Practical thoughts on China

We’ve almost spent two weeks in China now (really just the cities). Here are some bits and bobs we’ve noticed that might be helpful to people planning to visit too.

Not many people speak English so be prepared. Locations and addresses need to be written in Chinese for taxi drivers. I’d also make sure you have the phone number of anywhere you’re going so the driver can call for directions. This came in very handy a couple of times in Beijing.

Also remember that people often learn American English so be aware they might be more familiar with American terms e.g. “check” rather than “bill” in a restaurant.

There is some amazing Chinese food (definitely try a roast duck) and some stuff that isn’t so good to western tastes- a dish described as “smelly tofu” comes to mind. Some restaurants have English translations on the menu but not all are accurate so I’d recommend getting out there and trying as much as you can, you’ll find something delicious.

Also, if you find yourself craving western food then there are plenty of western restaurants in the big cities although they tend to be a bit more expensive.

Beijing, Shanghai and Hong Kong all have metro/subway systems which make these cities easy and cheap to get around. I think the most we’ve paid for a subway journey is 4 yuan which is about 40 pence. Taxis are also cheap and there are loads of them, just watch out for ones that don’t use a meter, they may well over charge. Make sure you’ve got your destination address written down in Chinese.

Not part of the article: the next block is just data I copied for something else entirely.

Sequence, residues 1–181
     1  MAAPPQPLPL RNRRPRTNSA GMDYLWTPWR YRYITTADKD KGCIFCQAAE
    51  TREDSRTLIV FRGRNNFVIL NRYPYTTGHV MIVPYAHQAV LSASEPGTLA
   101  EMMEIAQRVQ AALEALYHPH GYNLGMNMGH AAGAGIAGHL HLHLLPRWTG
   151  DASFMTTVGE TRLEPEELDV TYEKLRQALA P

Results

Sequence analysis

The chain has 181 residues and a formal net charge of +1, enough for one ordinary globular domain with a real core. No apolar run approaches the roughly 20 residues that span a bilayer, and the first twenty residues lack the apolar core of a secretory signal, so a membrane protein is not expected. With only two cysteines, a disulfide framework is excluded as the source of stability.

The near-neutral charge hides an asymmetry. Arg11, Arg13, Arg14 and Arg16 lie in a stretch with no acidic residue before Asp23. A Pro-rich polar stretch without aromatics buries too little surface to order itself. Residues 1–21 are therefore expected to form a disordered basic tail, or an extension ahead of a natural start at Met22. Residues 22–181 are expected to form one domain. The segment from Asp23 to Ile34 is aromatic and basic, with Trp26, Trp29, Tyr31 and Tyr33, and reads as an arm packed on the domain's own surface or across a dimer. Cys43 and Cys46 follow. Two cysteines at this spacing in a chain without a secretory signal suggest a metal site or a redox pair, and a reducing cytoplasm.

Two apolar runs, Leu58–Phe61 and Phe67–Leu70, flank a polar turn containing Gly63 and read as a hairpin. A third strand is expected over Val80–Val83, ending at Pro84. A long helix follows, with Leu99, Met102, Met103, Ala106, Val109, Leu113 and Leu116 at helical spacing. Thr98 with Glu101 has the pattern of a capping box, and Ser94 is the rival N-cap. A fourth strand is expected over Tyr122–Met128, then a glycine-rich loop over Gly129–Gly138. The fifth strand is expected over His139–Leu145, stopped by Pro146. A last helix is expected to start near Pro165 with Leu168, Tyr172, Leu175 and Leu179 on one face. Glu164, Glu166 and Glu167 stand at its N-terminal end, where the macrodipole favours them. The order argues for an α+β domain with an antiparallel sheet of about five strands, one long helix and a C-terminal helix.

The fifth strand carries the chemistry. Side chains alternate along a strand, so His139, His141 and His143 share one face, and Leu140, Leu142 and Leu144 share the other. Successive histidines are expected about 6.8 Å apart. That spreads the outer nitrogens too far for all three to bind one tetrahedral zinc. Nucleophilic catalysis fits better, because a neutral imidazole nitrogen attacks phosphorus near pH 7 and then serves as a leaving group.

The cities (especially Shanghai) seem pretty easy to walk around and navigate. They have great road signs telling you what street you’re on and also what direction you’re heading in

The Chinese people we’ve met have been kind, friendly and very generous. Conversations can be tricky but if you can learn a few words of the language it’ll go down very well even if your pronunciation is bad. Respect of older people seems to be a big thing too so be sure to give up your seat on the subway.

Some Chinese people will sometimes ask you to pose in photos with them or their family especially at tourist spots. We’ve done it a few times but have never really understood the reasoning.

There are a lot of people in China, sounds silly to mention it but there are. Tourist spots and the city centres can be very, very crowded. Personal space doesn’t really exist and queues are a bit more flexible than in Europe. Brace yourself.


2 thoughts on “Practical thoughts on China

  1. Glad you are having a good time. Did you take a boat onto the lake at the Summer Palace? Have you experienced the shopping in the Silk Market, an experience not to miss!

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